Nearly two years after AT&T was hit with a $105 million settlement over bill-cramming — the practice of letting third parties place questionable or false charges on customers’ phone bills — the Federal Communications Commission says the company has agreed to pay another $7.5 million to close the book on additional cramming accusations involving a bogus directory assistance service. [More]
AT&T Penalized $7.75 Million For Allowing Scammers To Charge Bogus “Directory Assistance Service” Fees
So your phone company calls you and says there’s a new plan that can save your on your phone bill, or maybe to let you know that you’re being overcharged for your current service. So you go ahead and switch to the more sensible plan, only to find out weeks later that you’ve actually been switched over to a new service provider you’ve never heard of — and to a plan that costs more than your old one. This was a reality for dozens of people who complained to the FCC about a Michigan-based company that now faces a potential $2.4 million fine. [More]
Earlier this week, Sprint and Verizon reached multimillion-dollar settlements with federal regulators for allowing third parties to bill for unwanted and unauthorized add-on services. But when New Jersey residents tried to call the Sprint information number given out by the state’s attorney general, they were in for another telephonic surprise. [More]
Several months after AT&T and T-Mobile reached multimillion-dollar settlements with federal regulators to close the books on allegations of bill-cramming — illegal, unauthorized third-party charges for services like premium text message subscriptions — both Sprint and Verizon have also decided to pay the regulatory piper. Combined, the two wireless companies will pay $158 million to settle cramming claims with the FCC and the Consumer Financial Protection Bureau. [More]
Just a day after rumors surfaced that Sprint could be facing a $105 million from the Federal Communications Commission for allegedly overcharging customers using a practice known as “bill-cramming,” the Consumer Financial Protection Bureau has filed a lawsuit against the carrier for the bogus charges placed on customer’s phone bills. [More]
Just two months after the Federal Communications Commission imposed its largest fine on AT&T for overcharging consumers using a practice known as “bill-cramming,” the regulator is reportedly poised to saddle Sprint with the same $105 million fine for similar practices. [More]
In a few minutes, the Federal Trade Commission, the FCC and attorneys general from 50 states and the District of Columbia will announce a $105 million deal with AT&T that settles allegations that the company has profited off the practice known as “bill-cramming,” third-party charges illegally placed on customers’ wireless bills without authorization. [More]
Earlier this year, the Federal Trade Commission sued T-Mobile, accusing the wireless company of making hundred of millions of dollars off of so-called “premium” text-messaging subscriptions that were often never requested by subscribers. To preempt others from getting involved in illegal “bill cramming,” the FTC is asking carriers to implement policy changes now instead of waiting until it’s too late. [More]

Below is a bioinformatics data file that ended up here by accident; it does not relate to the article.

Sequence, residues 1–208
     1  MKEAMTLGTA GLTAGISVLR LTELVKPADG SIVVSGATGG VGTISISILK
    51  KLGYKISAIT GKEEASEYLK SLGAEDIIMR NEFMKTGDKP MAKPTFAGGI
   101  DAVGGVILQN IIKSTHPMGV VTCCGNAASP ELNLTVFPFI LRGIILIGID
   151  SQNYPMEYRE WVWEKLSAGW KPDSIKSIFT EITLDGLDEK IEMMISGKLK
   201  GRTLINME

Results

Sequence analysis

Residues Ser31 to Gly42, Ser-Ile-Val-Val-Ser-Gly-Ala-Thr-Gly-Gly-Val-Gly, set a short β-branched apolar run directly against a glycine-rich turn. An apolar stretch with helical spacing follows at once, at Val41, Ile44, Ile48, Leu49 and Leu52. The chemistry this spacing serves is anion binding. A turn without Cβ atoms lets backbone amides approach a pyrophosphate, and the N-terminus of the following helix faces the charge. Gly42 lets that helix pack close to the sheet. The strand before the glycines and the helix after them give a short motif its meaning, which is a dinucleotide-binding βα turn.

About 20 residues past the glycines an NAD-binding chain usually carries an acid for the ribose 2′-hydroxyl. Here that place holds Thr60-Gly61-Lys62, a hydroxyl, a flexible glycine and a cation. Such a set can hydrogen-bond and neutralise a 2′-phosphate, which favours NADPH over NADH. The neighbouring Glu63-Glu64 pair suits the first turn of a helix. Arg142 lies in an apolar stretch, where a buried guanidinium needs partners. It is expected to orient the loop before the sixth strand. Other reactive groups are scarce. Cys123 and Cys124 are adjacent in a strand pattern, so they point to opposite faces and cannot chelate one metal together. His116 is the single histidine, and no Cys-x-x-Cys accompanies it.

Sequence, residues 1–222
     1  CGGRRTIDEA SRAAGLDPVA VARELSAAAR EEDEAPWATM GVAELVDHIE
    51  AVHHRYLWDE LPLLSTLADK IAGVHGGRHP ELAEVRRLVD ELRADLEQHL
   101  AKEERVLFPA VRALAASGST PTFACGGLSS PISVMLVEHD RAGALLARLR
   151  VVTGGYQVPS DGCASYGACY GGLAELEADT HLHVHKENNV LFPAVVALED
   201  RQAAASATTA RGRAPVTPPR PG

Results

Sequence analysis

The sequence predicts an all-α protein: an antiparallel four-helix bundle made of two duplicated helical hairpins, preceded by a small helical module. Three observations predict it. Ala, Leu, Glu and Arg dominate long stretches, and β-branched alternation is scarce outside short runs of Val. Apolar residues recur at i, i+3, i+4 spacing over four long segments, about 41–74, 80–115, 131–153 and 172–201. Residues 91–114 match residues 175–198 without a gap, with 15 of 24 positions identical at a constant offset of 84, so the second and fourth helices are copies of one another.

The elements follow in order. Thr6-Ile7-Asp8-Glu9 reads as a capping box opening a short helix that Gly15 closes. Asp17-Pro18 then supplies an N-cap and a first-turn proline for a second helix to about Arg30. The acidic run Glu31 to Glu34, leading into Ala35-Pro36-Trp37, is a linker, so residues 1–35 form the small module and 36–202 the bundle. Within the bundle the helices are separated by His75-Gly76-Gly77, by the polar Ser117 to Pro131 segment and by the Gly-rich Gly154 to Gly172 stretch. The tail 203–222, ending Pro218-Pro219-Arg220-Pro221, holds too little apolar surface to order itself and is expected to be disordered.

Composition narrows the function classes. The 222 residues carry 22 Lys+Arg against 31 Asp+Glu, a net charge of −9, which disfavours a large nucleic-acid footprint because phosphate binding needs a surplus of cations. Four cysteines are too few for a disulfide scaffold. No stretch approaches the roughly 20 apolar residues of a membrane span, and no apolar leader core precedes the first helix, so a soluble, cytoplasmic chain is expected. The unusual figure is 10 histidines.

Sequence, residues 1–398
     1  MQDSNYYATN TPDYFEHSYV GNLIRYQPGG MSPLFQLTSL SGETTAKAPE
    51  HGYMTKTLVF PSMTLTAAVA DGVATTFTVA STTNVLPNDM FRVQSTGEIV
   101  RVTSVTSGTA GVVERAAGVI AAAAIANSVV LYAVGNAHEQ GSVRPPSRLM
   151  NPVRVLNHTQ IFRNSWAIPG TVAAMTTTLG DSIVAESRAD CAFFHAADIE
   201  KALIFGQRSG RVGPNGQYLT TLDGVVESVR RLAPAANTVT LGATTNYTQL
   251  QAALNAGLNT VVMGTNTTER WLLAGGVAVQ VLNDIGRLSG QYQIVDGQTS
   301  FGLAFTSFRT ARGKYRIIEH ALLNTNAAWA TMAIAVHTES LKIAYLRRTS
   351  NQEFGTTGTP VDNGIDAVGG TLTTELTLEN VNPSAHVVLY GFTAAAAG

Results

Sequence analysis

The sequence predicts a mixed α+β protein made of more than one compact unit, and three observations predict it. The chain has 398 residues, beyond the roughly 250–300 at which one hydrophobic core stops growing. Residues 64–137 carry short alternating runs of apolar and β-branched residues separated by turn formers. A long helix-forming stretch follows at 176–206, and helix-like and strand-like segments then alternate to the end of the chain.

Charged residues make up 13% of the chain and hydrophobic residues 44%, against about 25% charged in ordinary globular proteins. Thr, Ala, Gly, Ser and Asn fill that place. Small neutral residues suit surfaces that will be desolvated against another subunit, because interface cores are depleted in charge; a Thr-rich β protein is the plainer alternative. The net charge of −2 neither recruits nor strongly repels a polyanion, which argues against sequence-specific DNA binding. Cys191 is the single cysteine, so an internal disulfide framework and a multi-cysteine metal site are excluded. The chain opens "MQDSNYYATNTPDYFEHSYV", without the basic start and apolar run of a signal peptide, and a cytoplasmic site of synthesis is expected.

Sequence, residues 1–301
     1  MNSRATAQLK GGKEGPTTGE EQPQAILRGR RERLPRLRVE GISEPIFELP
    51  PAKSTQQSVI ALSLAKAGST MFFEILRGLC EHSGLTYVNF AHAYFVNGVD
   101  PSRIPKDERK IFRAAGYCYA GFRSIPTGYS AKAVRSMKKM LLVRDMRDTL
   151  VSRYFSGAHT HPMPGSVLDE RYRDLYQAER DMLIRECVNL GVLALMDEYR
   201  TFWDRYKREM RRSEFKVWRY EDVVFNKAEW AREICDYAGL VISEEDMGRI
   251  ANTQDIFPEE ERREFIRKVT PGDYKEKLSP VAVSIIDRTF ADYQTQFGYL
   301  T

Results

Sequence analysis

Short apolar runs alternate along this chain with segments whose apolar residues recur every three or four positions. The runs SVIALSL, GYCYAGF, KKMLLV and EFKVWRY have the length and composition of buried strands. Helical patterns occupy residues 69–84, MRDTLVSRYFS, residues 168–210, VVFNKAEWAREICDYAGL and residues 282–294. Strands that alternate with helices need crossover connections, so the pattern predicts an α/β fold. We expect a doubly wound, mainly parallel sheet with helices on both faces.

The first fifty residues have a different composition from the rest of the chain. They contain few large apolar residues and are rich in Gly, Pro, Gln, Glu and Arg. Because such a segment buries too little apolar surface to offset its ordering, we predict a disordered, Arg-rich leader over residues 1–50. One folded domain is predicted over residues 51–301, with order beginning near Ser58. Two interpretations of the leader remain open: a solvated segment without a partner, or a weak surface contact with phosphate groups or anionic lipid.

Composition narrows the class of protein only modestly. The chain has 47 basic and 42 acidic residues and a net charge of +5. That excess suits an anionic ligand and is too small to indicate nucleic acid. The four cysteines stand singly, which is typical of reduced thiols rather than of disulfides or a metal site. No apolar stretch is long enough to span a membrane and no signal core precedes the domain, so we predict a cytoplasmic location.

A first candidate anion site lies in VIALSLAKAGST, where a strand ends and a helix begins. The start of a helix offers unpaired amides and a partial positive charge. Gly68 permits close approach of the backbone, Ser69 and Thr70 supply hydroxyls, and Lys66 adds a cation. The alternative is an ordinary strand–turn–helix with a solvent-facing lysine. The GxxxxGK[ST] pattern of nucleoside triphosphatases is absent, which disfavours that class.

T-Mobile: We Shouldn’t Be Sued Over Bill-Cramming Because We’re Not Doing It Anymore & We’re Super-Sorry
Earlier this afternoon, the Federal Trade Commission filed a complaint against T-Mobile, alleging the wireless carrier made hundreds of millions of dollars off of bogus premium text-messaging charges “crammed” onto customers’ bills. The response from T-Mobile CEO John Legere isn’t exactly what you would describe as contrite. [More]
T-Mobile, a company that has tried to position itself as being consumer-friendly, has been accused by federal regulators of being anything but friendly. The self-described “Un-carrier” has been accused in federal court of making hundreds of millions of dollars off of so-called “premium” text-messaging subscriptions that were often never requested by subscribers. [More]
In the first case of its kind for the wireless industry, the Federal Trade Commission has accused a company and its owners of raking in millions of dollars by charging wireless customers for text services they never signed up for. [More]
While the FCC has recently enacted rule changes that make it more difficult for predatory third-party businesses to cram unwanted and unauthorized charges on consumers’ landline phone bills, it is still in the process of considering what to do about bill-cramming for wireless customers. For what it’s worth, the folks at the Federal Trade Commission have chimed in with their suggestion: Wireless providers should be required to give customers the option to block all third-party charges from their bills.
The federal crackdown on the practice of landline bill-cramming — the slathering on of charges for often unauthorized third-party services onto consumers’ phone bills — continues, with the Federal Trade Commission accusing the country’s largest third-party billing business of attempting to cram $70 million worth of bogus charges down consumers’ throats.
It’s been almost a year since the FCC finally got around to considering rule changes to keep landline phone service providers from padding customers’ bills with charges for third-party services that range from long-distance service to yoga classes. Today, the commission announced some new regulations — but they only goes so far in protecting consumers.